“I needed to be able to tell him what had happened in his absence. I wanted to talk to someone about the disaster,” she recalled.

Nakayama kept writing about anything she could find: how they used diapers instead of a toilet and rationed out fruit juice salvaged from the flooded area downstairs; how they wandered in hip-deep water after being stranded in the house for three days, taking turns carrying the children before they were discovered and guided by Self-Defense Forces personnel to an emergency shelter.

She jotted down her impressions and feelings so much that it became a habit that continued even after her husband found them at an evacuation center five days after the earthquake, when restored cellphone services allowed her to give up the paper scraps for a blog.

“In the evacuation center, there was no place to speak privately and no way to publicly voice my fears. Everyone was having a hard time and I was not the only one in distress,” she said. “I was also determined to keep my tired or worried feelings hidden from my children. If I created a blog, someone far away could read it. I was only able to show my true feelings in a blog.”

Nakayama’s early need to reach out and the subsequent popularity of her blog led to “Ne Ne, Shittetaa” (“I Know What Happened”), a manga based on her blog entries describing the Great East Japan Earthquake, the tsunami and the rebuilding efforts of their family, which was one of the first to move back to the devastated Tsukiyama port area of Ishinomaki. Illustrated by Shin Masuda and recently translated into English by Suzanne Yonesaka and Masami Iwasaki, Nakayama hopes her message of determined hope resonates with other disaster victims around the world.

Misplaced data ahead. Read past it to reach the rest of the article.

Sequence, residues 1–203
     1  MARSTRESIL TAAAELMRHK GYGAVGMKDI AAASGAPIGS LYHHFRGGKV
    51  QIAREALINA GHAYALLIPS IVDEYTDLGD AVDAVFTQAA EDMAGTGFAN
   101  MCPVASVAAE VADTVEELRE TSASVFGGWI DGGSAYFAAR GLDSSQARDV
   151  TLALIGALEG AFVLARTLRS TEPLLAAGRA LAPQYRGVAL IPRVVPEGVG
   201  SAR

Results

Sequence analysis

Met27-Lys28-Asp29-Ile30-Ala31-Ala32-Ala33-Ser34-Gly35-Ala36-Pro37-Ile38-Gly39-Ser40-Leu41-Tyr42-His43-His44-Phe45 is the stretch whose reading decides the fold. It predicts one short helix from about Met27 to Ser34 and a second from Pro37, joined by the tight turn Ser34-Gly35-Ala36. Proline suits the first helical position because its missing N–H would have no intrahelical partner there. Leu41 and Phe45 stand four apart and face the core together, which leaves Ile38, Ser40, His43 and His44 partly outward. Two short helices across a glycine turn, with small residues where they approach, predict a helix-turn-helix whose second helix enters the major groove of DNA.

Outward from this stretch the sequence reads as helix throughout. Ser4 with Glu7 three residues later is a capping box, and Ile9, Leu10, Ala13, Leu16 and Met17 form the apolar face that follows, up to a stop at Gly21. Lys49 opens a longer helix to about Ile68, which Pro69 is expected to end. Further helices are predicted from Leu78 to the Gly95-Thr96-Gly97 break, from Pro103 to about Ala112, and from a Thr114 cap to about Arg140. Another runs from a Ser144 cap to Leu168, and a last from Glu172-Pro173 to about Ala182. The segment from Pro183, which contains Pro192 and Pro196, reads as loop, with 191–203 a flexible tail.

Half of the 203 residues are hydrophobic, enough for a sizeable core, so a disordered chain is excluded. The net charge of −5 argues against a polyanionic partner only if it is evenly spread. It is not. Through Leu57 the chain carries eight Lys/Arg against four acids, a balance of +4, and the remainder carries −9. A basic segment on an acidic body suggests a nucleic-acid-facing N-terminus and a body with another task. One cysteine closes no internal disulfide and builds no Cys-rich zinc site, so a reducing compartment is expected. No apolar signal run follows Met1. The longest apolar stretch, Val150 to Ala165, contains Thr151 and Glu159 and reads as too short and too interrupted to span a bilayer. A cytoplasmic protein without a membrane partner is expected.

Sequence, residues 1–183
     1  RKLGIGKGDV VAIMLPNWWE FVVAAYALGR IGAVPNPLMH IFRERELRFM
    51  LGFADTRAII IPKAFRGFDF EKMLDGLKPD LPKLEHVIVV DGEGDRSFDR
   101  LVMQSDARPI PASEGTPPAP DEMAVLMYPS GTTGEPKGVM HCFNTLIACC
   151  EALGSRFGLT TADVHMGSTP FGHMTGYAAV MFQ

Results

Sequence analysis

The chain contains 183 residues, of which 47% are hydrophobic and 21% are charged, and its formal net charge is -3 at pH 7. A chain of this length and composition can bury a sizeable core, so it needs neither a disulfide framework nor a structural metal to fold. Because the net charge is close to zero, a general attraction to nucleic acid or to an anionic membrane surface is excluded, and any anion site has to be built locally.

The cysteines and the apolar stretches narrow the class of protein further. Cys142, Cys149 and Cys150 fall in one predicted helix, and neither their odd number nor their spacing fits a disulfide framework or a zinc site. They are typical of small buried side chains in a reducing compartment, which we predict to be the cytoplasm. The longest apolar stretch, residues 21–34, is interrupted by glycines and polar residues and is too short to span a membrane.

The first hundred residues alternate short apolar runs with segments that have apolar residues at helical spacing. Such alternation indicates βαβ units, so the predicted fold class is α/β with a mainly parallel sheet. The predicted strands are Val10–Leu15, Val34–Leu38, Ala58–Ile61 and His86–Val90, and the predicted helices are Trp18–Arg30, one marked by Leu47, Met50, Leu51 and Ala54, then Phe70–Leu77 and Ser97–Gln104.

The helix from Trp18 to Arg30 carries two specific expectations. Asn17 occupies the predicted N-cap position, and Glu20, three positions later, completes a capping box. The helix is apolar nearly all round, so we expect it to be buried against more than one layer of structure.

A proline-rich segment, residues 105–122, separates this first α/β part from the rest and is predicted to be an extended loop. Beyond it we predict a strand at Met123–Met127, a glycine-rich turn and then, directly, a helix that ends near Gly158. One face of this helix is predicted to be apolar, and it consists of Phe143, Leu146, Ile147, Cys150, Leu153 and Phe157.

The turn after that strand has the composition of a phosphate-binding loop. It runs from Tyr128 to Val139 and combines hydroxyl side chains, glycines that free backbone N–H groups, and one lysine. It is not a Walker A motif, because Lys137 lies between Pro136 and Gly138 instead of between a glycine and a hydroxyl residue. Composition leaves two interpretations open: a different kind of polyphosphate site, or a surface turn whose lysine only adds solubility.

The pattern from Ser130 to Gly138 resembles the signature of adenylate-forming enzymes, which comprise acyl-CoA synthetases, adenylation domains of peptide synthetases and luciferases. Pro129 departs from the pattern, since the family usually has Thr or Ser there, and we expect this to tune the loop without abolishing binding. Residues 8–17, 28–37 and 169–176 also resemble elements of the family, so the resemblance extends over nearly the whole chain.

Since her manga is mainly directed at children, the illustrations are rendered in a child-friendly, cute style. Nakayama’s text, however, does not avoid the grim reality of her family’s experience. One especially poignant passage reveals how she told her children that their grandfather, Nakayama’s father-in-law, perished in the tsunami. Other passages reveal her children’s lingering fears: “Mama, please don’t become a photo. Please live for a long time.”

Yet Nakayama firmly believes it is the remembering that leads to recovery, both physical and mental.

“The disaster took many things away from us, and it’s so devastating that sometimes I just want to forget all about what happened on March 11. But more importantly, I want to try hard to give my children confidence to know what to do, to protect themselves first by escaping and not worry about anything else,” she said. “I feel strongly that I should be talking to as many people as possible about what I experienced and the hardship we went through, to help others to be strong and overcome any disaster.”

Nakayama said it is important to build children’s confidence going forward.

“Many children living in the disaster area cannot remember the earthquake or tsunami now. Yet it is important to treasure their experiences in order to gain confidence in their own strength and resilience. Helping each other, with so many strangers and friends helping us, gave us such joy. Because of so many people’s help, our home is rebuilt and is now a fun and clean place for people to gather.”